Author: Brian Selznick
Publisher: Scholastic, 2007
Where and why: I got this at my local library to read for
my children's lit class.
Paris, 1931. We meet a young boy by the name of Hugo Cabret as he flits around the Paris train station he calls his home, keeping the clocks running and trying not to get caught. We don't read this, but see it—detailed and textured illustrations take us into Hugo's world. We will soon hear Hugo's voice and internal thoughts, but the words only tell part of the story, alternating back and forth with the illustrations.
Hugo has a mission and many secrets. Where did his notebook with illustrations of a mechanical man come from? What does the mechanical man do? He believes it will tell him a truth, a secret from his past, that will save his life. With the help of a girl he sees around the station, he does his best to unravel this mystery.
In his Caldecott Award–winning book, Selznick highlights movies and the magic of cinema in his masterpiece, The Invention of Hugo Cabret. His illustrations give readers the sense of watching an old movie, intent on detail and perspective. We learn about the old movies that were pioneers in the industry, and how it was like when people were first exposed to moving pictures.
The story is just as enchanting as the illustrations. I found myself really getting emotionally involved, and feeling what Hugo was feeling. I got sad, furious, and happy at all different points. Though the writing was spare, it worked in the book's dual format.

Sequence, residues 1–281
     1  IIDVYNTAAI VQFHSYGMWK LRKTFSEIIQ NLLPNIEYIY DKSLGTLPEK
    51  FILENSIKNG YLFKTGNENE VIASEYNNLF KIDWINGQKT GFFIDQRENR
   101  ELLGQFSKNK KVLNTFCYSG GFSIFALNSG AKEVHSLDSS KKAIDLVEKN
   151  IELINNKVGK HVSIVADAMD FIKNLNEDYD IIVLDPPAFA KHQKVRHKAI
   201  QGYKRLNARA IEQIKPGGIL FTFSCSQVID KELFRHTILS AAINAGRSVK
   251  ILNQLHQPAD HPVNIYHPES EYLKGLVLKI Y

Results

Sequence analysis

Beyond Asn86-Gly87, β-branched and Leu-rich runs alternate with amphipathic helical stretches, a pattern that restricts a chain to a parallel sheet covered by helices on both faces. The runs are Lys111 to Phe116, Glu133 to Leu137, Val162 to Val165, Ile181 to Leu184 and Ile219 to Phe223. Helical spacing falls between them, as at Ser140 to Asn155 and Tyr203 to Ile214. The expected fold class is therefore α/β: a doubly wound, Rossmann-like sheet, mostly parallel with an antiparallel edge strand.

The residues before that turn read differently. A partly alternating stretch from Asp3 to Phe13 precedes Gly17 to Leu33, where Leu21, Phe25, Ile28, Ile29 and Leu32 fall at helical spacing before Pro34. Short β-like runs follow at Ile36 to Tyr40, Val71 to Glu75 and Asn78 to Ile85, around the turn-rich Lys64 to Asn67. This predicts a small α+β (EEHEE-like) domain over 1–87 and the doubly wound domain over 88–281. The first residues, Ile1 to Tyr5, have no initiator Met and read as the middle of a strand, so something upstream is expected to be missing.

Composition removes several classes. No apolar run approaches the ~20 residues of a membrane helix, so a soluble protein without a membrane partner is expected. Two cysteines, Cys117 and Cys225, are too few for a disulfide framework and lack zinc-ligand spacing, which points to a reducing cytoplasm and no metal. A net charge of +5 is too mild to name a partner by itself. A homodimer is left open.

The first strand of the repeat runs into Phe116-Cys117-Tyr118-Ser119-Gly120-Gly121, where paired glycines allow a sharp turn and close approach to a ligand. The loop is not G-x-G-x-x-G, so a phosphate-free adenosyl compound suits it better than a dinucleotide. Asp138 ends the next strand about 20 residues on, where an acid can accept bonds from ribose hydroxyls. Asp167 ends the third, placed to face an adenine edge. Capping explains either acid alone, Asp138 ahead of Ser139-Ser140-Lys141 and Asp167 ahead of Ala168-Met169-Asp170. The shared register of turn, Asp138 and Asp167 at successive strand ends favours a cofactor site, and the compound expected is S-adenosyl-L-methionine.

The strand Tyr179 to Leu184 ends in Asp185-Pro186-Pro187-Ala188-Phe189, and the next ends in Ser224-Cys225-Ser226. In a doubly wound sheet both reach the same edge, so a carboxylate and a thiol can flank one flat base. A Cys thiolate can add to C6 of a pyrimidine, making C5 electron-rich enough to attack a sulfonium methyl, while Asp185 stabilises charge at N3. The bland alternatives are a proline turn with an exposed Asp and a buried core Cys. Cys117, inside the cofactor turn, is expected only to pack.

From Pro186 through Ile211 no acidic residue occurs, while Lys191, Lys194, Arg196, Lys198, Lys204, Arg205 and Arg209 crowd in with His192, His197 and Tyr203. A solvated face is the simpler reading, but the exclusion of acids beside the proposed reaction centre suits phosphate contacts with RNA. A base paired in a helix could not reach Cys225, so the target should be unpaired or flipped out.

I don't want to give too much away about the plot, but let me say this: You will want to know what happens to Hugo! There are so many mysteries and questions as we read through the first half, and by the end of the second they are all satisfied (for the most part).
I also loved how Hugo is so brilliant with machines, especially clockwork. Apparently, a lot of magicians used to be clockmakers. I didn't know this! Lots of interesting tidbits in here about those professions, as well as movies.
I would definitely recommend this to readers moving on from easy readers and onto novels. Though this tome is over 500 pages, it's a very quick read—after all, it's mostly pictures. I got through it in a couple of hours. I'd also recommend this to anyone who has an appreciation for art.
As a side note, when this won the Caldecott it caused quite a commotion. Many people were against it because it is technically a book for young adults, and they all felt like it was a betrayal to children and books for children. The Caldecott is mainly awarded to picture books, and this was an aberration that bothered many people. I think it fully deserved it, as it's quite obvious this took Selznick YEARS to complete. Plus, children old enough to read could probably get through this, younger ones with maybe the help of an adult. Either way, it's a great story with amazing illustrations.
What do you think about the controversy?